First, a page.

Post-fitting inference, etc. with glmmTMB models

2019-01-11

The purpose of this vignette is to describe (and test) the functions in various downstream packages that are available for summarizing and otherwise interpreting glmmTMB fits. Some of the packages/functions discussed below may not be suitable for inference on parameters of the zero-inflation or dispersion models, but will be restricted to the conditional-mean model.

library(glmmTMB)
library(car)
library(emmeans)
library(effects)
library(multcomp)
library(MuMIn)
library(DHARMa)
## library(broom)
## library(broom.mixed)
library(dotwhisker)
library(ggplot2); theme_set(theme_bw())
## retrieve slow stuff
L <- load(system.file("vignette_data","model_evaluation.rda",package="glmmTMB"))

A couple of example models:

owls_nb1 <- glmmTMB(SiblingNegotiation ~ FoodTreatment*SexParent +
                        (1|Nest)+offset(log(BroodSize)),
                    contrasts=list(FoodTreatment="contr.sum",
                                   SexParent="contr.sum"),
                    family = nbinom1,
                    zi = ~1, data=Owls)
data("cbpp",package="lme4")
cbpp_b1 <- glmmTMB(incidence/size~period+(1|herd),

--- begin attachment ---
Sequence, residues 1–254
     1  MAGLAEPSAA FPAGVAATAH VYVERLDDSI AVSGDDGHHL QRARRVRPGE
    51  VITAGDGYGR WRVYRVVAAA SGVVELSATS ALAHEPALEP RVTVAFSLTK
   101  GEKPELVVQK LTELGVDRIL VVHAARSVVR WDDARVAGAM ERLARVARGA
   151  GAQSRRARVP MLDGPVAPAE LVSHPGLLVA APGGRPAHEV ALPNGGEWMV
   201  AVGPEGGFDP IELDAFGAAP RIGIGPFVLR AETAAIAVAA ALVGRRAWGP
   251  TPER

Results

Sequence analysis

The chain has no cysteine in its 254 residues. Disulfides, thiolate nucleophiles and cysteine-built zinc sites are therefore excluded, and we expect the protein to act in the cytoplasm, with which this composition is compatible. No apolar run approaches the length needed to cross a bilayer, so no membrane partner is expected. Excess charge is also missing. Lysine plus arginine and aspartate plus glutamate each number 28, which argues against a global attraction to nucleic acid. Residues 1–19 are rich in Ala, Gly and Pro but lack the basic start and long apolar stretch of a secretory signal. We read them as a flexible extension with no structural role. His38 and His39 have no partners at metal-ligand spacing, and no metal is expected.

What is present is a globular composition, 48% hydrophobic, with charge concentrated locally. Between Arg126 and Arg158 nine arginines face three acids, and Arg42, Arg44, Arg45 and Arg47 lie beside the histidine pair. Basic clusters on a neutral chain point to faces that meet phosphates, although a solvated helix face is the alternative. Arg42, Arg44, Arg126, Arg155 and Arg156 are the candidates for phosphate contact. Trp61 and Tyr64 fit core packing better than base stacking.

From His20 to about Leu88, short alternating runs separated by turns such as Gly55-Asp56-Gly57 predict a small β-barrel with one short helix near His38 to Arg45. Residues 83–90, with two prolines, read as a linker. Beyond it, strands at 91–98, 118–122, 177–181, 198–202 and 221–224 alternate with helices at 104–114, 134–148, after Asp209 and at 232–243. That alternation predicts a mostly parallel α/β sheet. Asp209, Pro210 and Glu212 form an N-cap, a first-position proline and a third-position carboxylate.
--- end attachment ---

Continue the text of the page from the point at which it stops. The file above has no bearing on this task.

weights=size,family=binomial,
                   data=cbpp)
## simulated three-term Beta example
set.seed(1001)
dd <- data.frame(z=rbeta(1000,shape1=2,shape2=3),
                 a=rnorm(1000),b=rnorm(1000),c=rnorm(1000))
simex_b1 <- glmmTMB(z~a*b*c,family=beta_family,data=dd)

model checking and diagnostics

DHARMa

The DHARMa package provides diagnostics for hierarchical models.

After running

owls_nb1_simres <- simulateResiduals(owls_nb1)
system.time(sr <- simulateResiduals(owls_nb1))
##    user  system elapsed 
##  10.138   0.054  10.239
plot(sr)

issues

See warning. DHARMa Will only work for models using families for which a simulate method has been implemented (in TMB, and appropriately reflected in glmmTMB).

Inference

car::Anova

We can use car::Anova() to get traditional ANOVA-style tables from glmmTMB fits. A few limitations/reminders:

Anova(owls_nb1)  ## default type II
## Analysis of Deviance Table (Type II Wald chisquare tests)
## 
## Response: SiblingNegotiation
##                          Chisq Df Pr(>Chisq)    
## FoodTreatment           44.174  1  3.004e-11 ***
## SexParent                0.032  1     0.8581    
## FoodTreatment:SexParent  2.290  1     0.1302    
## ---
## Signif. codes:  0 '***' 0.001 '**' 0.01 '*' 0.05 '.' 0.1 ' ' 1
Anova(owls_nb1,type="III")
## Analysis of Deviance Table (Type III Wald chisquare tests)
## 
## Response: SiblingNegotiation
##                           Chisq Df Pr(>Chisq)    
## (Intercept)             21.4354  1   3.66e-06 ***
## FoodTreatment           46.1411  1   1.10e-11 ***
## SexParent                0.5117  1     0.4744    
## FoodTreatment:SexParent  2.2900  1     0.1302    
## ---
## Signif. codes:  0 '***' 0.001 '**' 0.01 '*' 0.05 '.' 0.1 ' ' 1